Reference Terms
from Wikipedia, the free encyclopedia

Volcanic ash

Volcanic ash consists of very fine rock and mineral particles less than 2 mm in diameter that are ejected from a volcanic vent.

Ash is created when solid rock shatters and magma separates into minute particles during explosive volcanic activity.

The usually violent nature of an eruption involving steam results in the magma and perhaps solid rock surrounding the vent, being torn into particles of clay to sand size.

The plume that is often seen above an erupting volcano is composed primarily of ash and steam.

The very fine particles may be carried for many miles, settling out as a dust-like layer across the landscape.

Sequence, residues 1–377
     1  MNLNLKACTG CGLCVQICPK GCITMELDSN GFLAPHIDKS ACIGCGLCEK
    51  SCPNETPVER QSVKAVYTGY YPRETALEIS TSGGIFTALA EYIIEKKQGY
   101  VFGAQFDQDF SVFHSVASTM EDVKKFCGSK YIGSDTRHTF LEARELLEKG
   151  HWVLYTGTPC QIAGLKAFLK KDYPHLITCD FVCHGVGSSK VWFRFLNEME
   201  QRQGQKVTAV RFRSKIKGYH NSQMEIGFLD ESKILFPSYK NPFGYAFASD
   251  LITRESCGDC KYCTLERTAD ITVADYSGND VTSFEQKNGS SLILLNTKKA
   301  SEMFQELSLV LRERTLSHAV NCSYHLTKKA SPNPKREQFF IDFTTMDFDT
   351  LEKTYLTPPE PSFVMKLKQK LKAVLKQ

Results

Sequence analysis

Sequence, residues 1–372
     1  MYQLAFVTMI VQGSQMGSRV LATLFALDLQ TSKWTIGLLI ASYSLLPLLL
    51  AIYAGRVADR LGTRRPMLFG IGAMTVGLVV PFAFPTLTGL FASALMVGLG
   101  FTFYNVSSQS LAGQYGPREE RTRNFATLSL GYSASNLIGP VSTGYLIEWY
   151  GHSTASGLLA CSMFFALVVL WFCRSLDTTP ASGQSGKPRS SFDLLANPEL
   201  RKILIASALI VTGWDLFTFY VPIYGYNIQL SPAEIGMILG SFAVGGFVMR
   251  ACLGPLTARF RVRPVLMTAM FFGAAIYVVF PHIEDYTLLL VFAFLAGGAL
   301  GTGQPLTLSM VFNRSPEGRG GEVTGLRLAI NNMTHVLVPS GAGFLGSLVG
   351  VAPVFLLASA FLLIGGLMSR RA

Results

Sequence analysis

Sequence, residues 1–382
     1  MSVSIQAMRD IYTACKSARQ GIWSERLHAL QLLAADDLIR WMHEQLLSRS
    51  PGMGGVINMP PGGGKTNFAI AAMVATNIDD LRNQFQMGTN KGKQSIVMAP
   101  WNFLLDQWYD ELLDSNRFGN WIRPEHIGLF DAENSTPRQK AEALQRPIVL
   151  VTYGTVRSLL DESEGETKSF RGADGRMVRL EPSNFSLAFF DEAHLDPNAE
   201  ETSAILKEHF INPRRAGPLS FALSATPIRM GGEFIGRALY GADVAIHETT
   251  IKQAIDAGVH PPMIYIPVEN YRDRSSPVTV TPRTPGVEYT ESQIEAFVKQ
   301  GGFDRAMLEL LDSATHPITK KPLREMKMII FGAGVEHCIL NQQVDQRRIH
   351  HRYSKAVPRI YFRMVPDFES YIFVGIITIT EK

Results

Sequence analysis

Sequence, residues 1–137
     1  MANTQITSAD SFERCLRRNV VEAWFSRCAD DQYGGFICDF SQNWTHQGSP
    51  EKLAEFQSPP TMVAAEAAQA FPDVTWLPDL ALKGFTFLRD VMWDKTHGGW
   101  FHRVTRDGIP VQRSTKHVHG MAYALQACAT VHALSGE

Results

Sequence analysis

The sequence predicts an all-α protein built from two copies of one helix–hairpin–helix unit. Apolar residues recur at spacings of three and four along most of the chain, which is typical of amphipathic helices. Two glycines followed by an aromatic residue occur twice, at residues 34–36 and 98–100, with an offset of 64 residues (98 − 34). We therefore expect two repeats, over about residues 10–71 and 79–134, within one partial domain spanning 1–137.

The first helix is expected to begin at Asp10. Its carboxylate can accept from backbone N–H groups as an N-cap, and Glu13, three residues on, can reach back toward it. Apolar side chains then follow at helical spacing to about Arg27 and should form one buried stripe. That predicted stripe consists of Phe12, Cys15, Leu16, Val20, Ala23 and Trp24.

This is known as an "ash fall".

Unlike the ash that forms from burning wood or other combustible materials, volcanic ash is hard and abrasive, rather than soft and fluffy.

Note:   The above text is excerpted from the Wikipedia article "Volcanic ash", which has been released under the GNU Free Documentation License.
Related Stories

Earth & Climate News
May 29, 2017

Latest Headlines
updated 12:56 pm ET